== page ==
Fold a piece of paper into two equal parts? Quarter a piece of paper? Still no problem. Fold a sheet of paper into perfect thirds? That could be a challenge. Anyone who has ever had to fold an important letter in three will tell you that it takes quite a bit of finesse to get it done neatly. Whether you’re writing your sweetheart a letter, turning it into a math project, or simply want to fold your note paper into three equal pieces, an accurately folded piece of paper shows professionalism and attention to detail.
Table of Contents
- 1 The intuitive method
- 1.1 Lay your paper flat on your work surface.
- 1.2 Roll the paper into a loose cylinder.
- 1.3 Align the edges of the sheet, so they line up, then gently press down on the roller in the center.
- 1.4 Once you’ve made sure the three pieces are the same size and the edges line up nicely, flatten the cylinder completely.
- 2 The method with the “pattern paper”
- 3 The method of eye
- 4 The origami method
- 4.1 Fold the piece of paper in half.
- 4.2 Now draw a line from the bottom left corner to the top right corner of the bottom part.
- 4.3 Draw another line from the top left corner of the paper to the bottom right corner.
- 4.4 Fold the paper once where the two lines intersect.
- 4.5 Now make the second fold by sliding the top edge under the unfolded part of the sheet and lining up the edge exactly with the fold (as described in the method by eye).
- 5 Divide the sheet into thirds using pure mathematics
The intuitive method
Lay your paper flat on your work surface.
Believe it or not, there are quite a few ways to fold a piece of paper into three equal parts, but some give better results than others. You can try this method if you don’t need to be precise — it’s quick and works well, but it’s rarely accurate to the millimeter. What speaks for this method: You do not need extra tools. Don’t forget that a regular sheet of paper measuring 8.5 × 11 inches doesn’t necessarily have to be folded in perfect thirds to fit in an envelope. This size is, therefore, particularly suitable for correspondence.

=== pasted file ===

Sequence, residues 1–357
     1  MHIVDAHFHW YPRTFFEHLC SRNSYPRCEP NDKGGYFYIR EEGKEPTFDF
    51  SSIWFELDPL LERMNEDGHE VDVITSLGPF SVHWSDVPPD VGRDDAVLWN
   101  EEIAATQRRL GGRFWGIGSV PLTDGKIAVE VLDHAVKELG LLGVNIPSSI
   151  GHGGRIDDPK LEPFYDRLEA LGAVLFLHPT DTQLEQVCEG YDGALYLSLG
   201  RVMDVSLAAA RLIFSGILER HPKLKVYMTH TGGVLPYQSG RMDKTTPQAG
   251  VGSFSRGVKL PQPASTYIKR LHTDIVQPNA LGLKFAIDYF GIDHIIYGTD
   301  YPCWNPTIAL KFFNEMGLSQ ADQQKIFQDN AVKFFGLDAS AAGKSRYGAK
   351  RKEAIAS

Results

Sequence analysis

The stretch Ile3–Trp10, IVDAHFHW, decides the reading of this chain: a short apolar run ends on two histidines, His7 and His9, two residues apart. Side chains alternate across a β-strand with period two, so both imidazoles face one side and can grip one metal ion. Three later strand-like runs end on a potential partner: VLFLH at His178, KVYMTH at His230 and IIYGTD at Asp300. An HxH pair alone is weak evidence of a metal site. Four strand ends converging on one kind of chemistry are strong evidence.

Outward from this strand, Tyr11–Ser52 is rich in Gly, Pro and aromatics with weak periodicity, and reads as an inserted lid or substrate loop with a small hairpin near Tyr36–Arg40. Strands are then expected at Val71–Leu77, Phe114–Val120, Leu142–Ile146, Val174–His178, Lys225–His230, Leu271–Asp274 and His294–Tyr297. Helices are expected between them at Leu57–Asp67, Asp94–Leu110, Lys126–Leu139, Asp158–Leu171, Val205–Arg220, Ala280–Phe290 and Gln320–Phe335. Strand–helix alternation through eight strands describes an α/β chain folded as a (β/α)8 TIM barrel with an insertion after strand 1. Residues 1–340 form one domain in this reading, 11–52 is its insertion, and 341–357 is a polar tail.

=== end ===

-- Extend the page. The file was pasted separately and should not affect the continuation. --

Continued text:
Roll the paper into a loose cylinder.
Your goal is to roll up your piece of paper to look like a rolled-up newspaper. Don’t fold the paper just yet; just roll it up.
Align the edges of the sheet, so they line up, then gently press down on the roller in the center.
Look at your cylinder from the side — ideally, the right and left edges of the paper should be right across from each other. Now press the cylinder together and always align the edges straight, so they lie nicely on each other. The three layers of paper created this way should be approximately the same width. Therefore, make sure that one edge of the paper lies within the cylinder on the fold. The other edge of the paper is outside the cylinder on the fold on the other side. Now that sounds insanely complicated, but if you try it, you will see that it is very easy and automatic.
Once you’ve made sure the three pieces are the same size and the edges line up nicely, flatten the cylinder completely.
When you see that your paper is divided into (nearly) perfect thirds, press it down flat and rub along the edges with some pressure to get nice and balanced creases. Congratulations! Your sheet of paper is now folded into (almost) perfect thirds. Now you can make one final tweak, but be careful not to make more than a fold in one place unless your thirds are very irregular — it will look very unprofessional otherwise.